622.214.171.124 Body Position for Carved Turns
" A properly carved ski requires less effort to work, and gives higher levels of control and stability. " The turn is initiated with pressure as the knees and ankles/feet roll the skis onto edge and extension begins.
" At the middle of the turn (when the ski is edged and the tip is pointing down the fall-line) the ski tips contact the face of the mogul.
" Absorption is used to maintain balance and control pressure in the skis and should match the shape and size of mogul to optimize snow to ski contact.
" Rotations in the upper legs are minimal, feet remain under the body (shoulders and hips) in both fore-and-aft and lateral planes, and knees remain flexed.
" Legs should be together or in a consistent position throughout the run.
" Breaks in balance and separations in position are inefficient turns.
" Angulation of the lower leg controls the radius of the turn. Timing of the initiation dictates how deep the feet go into the rut.
" Movements should be symmetrical and equal side to side, specifically:
" Timing and placement of pole plants (double pole plant is a deduction)
" Arm movements (little movement is preferred but if there is movement it should be equal)
" Shape of turns: do the turns adjust to the gradient of the slope and the size and disposition of the moguls
" Position of the feet in relation to the body (do the feet move further outside the body’s midpoint on one turn)
I only mention the above as an explanation of my personal bias for what I find aesthetically pleasing to watch when it comes to mogul skiing. Your mileage may, and probably should vary, especially for those with no aspirations to compete.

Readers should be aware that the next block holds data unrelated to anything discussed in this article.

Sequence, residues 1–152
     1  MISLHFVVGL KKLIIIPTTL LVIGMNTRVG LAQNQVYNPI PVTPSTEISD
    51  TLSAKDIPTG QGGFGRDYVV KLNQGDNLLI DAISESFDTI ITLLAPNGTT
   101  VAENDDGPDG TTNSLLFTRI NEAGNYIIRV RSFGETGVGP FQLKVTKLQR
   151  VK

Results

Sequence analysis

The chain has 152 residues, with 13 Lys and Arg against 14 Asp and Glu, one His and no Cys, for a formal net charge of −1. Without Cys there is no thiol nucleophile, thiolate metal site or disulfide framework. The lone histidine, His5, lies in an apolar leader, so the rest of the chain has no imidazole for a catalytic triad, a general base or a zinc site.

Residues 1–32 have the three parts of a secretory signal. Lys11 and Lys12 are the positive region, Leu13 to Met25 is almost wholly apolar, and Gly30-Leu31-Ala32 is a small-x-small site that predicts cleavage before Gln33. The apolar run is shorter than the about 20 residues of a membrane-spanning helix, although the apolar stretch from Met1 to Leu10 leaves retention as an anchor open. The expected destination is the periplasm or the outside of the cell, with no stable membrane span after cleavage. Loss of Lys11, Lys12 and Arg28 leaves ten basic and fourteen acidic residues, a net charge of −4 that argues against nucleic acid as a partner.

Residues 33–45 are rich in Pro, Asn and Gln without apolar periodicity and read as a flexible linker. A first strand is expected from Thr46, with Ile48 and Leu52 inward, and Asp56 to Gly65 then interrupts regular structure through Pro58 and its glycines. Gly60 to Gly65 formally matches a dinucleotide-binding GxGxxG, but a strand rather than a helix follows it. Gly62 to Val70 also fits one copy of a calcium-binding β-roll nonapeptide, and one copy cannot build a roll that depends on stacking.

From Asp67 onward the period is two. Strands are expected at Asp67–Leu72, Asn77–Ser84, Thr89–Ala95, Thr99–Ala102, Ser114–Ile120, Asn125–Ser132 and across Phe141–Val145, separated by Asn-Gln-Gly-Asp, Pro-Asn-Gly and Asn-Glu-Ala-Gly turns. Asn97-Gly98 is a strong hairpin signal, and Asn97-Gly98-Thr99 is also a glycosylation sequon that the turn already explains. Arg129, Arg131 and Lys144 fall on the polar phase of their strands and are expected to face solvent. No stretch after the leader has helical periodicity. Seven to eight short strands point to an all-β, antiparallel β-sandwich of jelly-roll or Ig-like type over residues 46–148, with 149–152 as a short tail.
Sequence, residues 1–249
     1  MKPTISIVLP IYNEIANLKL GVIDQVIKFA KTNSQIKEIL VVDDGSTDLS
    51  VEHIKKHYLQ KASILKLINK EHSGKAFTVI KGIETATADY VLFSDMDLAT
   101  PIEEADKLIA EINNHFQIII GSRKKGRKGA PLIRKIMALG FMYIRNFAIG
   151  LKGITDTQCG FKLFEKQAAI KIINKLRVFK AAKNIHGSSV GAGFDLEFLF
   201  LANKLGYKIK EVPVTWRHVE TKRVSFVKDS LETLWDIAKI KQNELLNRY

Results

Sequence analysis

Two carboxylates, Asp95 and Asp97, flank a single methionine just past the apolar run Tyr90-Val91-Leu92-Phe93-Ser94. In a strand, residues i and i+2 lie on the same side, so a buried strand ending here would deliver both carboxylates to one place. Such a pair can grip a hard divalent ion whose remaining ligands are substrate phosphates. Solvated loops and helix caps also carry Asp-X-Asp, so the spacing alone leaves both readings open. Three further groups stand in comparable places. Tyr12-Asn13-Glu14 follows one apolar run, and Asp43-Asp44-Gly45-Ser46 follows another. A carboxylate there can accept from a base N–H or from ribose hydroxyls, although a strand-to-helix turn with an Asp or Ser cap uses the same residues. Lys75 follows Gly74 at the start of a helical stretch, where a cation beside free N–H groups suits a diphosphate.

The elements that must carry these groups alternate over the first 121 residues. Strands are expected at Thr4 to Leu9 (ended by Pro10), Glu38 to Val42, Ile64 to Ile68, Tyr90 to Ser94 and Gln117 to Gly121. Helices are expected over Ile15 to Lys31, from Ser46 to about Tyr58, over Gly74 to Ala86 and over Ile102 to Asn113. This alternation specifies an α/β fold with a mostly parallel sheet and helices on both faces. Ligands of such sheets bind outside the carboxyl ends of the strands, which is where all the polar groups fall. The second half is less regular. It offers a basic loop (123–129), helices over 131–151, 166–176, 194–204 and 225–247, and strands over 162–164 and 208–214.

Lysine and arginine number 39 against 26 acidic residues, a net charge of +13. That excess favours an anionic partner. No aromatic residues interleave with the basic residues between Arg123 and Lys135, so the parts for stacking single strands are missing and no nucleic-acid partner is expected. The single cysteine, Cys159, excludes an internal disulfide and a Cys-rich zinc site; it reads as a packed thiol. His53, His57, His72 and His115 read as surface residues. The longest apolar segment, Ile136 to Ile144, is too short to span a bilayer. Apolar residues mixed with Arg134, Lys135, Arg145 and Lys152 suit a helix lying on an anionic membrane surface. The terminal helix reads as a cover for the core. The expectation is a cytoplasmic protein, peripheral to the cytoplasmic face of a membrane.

FWIW, I would never advocate heading straight down the gut of whatever trail, directly into the biggest, nastiest rut-line. I usually prefer the shoulder "above 40" lines where I can still ski direct, and hopefully maintain my line, without the physical abuse of skiing the line that sees the most traffic. I'd like to think that after many years progression, I have pretty good vision and instinct to shop out a line suited to my ability in almost any terrain. To me that's line selection, not shopping. Shopping is making line changes mid-slope because the terrain exceeds the skiers ability, or even preference. Not necessarily a bad thing, but just not that pleasing to watch IMO, and maybe part of the reason zipper lines don't go as long as they used to.
I personally couldn't care less if someone happens to wander into a line I'm skiing. It's not a competition, and the trails I ski are typically not crowded enough for line-shoppers to even be an issue. If they are, and I'm half the skier that I claim to be, then it should be well within my ability to avoid a collision with the downhill skier, and if necessary, to stop, and re-start my line without having a hissy-fit. The only reason I even mention line shopping on epic is that I've seen some prime examples posted in some of the mogul technique threads here, and have observed the practice being encouraged. Whatever's clever I suppose, but IMO line shopping neither demonstrates technical proficiency, nor is it very pleasing to watch, not that anyone should or does care what I think about how they ski. I'm a nobody, and half the battle is knowing your role; internet wind-bag.
Oh yeah, I also like seeing good ski to snow contact, and see airing to the next bump as a bail-out. Some people can get away with it, and immediately resume their line. For others, it spells imminent loss of control leading to blow-out, bringing big points deductions from tools like me watching from the chair lift.
Edited by MT Skull - 5/13/14 at 7:46am